Cortical neuron cultures of rats were exposed to toxic levels of the excitatory neurotransmitter glutamate. Previous studies had shown that glutamate toxicity may be prevented by antioxidants. In this study, CBD and THC were shown to prevent hydroperoxide-induced oxidative damage just as well as, or better than, other antioxidants. These data started showing that cannabidiol may be a potential therapeutic agent for the treatment of oxidative neurological disorders, such as cerebral ischaemia.

In 2000, the National Institute of Mental Health conducted a follow-up study named “Neuroprotective antioxidants from marijuana[1]”. The research demonstrated that CBD, THC, and other cannabinoids act as antioxidants[2] in neuronal cultures by reducing hydroperoxide toxicity in neurons. Cannabidiol was superior to both alpha-tocopherol and ascorbate in protective capacity.

Oxidative Stress

In 2007, a study by the Department of Human Physiology and Pharmacology at the University of Rome, and the Departments of Psychiatry and Experimental Pharmacology at the University of Naples, Italy, confirmed those previous in vitro results with a living model, pointing at CBD as a promising pharmacological tool capable of attenuating neural inflammatory responses[3].

The US Federal Government didn’t wait for these and other recent studies before registering its own patent on the antioxidant and neuroprotective effects of cannabinoids, while strictly deeming the cannabis plant illegal. In 2003, the US Government published a patent entitled “Cannabinoids as antioxidants and neuroprotectants”, stating that cannabinoids are useful in the treatment and prophylaxis of a wide variety of oxidation-associated diseases, such as ischaemic, age-related, inflammatory, and autoimmune diseases. The patent also claimed that cannabinoids were found to limit neurological damage following ischaemic episodes. What the US government will eventually do with this patent is not too clear. You can leave your opinion in the comments below...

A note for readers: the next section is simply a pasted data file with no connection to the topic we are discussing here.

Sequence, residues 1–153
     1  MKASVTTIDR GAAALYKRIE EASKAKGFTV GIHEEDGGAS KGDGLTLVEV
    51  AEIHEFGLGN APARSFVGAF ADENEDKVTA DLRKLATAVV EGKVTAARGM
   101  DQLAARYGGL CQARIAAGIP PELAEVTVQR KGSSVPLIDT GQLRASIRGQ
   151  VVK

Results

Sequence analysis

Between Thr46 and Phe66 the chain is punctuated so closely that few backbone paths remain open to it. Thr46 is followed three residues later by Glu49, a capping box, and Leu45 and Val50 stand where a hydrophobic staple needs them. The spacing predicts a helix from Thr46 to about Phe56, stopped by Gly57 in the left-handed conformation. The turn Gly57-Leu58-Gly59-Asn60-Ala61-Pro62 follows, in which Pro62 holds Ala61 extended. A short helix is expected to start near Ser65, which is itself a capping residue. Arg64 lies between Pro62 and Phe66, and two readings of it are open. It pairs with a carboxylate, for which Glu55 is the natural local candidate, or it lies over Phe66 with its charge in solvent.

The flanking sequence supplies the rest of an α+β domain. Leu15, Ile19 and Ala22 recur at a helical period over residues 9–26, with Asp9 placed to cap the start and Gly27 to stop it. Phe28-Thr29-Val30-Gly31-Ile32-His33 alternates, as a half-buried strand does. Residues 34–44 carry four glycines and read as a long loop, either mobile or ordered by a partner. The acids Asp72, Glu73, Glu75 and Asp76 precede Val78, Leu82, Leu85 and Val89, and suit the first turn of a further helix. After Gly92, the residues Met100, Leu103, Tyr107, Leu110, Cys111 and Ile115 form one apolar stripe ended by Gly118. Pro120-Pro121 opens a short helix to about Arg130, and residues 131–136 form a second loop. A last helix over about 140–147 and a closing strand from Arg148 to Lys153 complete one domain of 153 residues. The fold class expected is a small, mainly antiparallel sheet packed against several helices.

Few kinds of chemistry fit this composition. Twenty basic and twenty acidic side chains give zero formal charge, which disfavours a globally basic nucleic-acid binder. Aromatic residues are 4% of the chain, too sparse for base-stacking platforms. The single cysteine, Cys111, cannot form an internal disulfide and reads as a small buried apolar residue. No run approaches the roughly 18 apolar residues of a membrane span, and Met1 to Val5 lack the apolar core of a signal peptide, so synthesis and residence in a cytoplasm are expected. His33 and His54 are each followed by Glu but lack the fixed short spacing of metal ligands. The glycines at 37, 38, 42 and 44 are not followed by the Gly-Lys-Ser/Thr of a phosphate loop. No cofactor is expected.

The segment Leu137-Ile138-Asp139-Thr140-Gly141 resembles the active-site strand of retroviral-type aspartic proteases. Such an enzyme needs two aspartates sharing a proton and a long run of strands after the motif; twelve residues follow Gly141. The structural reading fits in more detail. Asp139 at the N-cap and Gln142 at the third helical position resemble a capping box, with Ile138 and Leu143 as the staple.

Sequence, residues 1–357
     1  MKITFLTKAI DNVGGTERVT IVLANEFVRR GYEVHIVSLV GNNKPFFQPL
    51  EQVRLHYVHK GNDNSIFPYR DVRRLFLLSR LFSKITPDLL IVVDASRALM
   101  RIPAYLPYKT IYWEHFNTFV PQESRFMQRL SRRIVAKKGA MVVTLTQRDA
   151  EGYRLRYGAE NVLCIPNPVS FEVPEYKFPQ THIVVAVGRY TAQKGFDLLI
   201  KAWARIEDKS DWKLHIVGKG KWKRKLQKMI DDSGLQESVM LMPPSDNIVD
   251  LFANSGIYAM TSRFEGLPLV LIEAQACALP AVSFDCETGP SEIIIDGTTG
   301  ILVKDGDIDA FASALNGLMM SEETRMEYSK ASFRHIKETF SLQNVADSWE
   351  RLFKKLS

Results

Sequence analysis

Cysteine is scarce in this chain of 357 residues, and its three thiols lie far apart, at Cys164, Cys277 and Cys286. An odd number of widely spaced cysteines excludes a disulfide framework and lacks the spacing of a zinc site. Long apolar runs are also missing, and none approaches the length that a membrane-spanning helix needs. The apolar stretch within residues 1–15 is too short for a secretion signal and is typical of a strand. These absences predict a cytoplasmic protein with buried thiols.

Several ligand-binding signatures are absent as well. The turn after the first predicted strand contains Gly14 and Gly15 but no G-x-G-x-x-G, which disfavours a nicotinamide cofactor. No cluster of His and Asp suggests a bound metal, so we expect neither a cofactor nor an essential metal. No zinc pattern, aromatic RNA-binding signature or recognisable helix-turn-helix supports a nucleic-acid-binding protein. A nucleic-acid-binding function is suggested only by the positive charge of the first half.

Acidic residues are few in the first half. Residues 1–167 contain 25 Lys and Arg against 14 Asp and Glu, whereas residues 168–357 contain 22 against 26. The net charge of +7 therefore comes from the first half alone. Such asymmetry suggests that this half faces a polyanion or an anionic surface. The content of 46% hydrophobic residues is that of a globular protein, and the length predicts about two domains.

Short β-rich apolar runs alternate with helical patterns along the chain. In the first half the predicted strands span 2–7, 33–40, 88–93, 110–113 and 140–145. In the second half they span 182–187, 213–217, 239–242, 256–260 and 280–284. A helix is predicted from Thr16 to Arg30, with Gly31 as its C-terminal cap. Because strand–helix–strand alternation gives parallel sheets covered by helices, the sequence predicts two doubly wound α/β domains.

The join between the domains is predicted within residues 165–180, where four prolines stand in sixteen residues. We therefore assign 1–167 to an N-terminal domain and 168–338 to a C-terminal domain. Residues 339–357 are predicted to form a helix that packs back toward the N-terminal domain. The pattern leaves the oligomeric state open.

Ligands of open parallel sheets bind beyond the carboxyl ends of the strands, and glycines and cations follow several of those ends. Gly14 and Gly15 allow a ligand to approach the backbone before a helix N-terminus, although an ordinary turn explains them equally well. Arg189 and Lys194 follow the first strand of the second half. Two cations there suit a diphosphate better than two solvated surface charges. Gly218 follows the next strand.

Research is very promising, but it’s still stuck in the preclinical stages. Lab studies suggest the antioxidant agents in cannabis, such as CBD and THC, might be effective against major diseases in humans, such as stroke and trauma, or neurodegenerative diseases like Alzheimer’s, Parkinson’s, and dementia. Unfortunately, no clinical evidence based on scientific criteria is available today, and we are far from a pharmacological treatment with CBD or other cannabinoids for these severe conditions.

Nevertheless, it is widely proven that CBD, together with all the hemp and cannabis derivatives, represents an effective broad-spectrum nutritional supplement. Many claim CBD is a more powerful antioxidant than the vitamins C and E. Based on what science has taught us so far, we can assume it actually has the potential to fight free radicals throughout our whole lifetime, and that most methods of taking cannabis derivatives might provide some antioxidant and protective effect. We can vaporise, take capsules, or apply sublingual drops of CBD oil to benefit from the antioxidant properties of cannabinoids on a systemic level, while cannabis-infused creams and balms deliver antioxidant compounds topically, deep into the skin’s layers.

External Resources:
  1. Neuroprotective antioxidants from marijuana. - PubMed - NCBI https://www.ncbi.nlm.nih.gov
  2. Cannabidiol and (−)Δ9-tetrahydrocannabinol are neuroprotective antioxidants https://www.ncbi.nlm.nih.gov
  3. Cannabidiol in vivo blunts β-amyloid induced neuroinflammation by suppressing IL-1β and iNOS expression https://www.ncbi.nlm.nih.gov
This content is for educational purposes only. The information provided is derived from research gathered from external sources.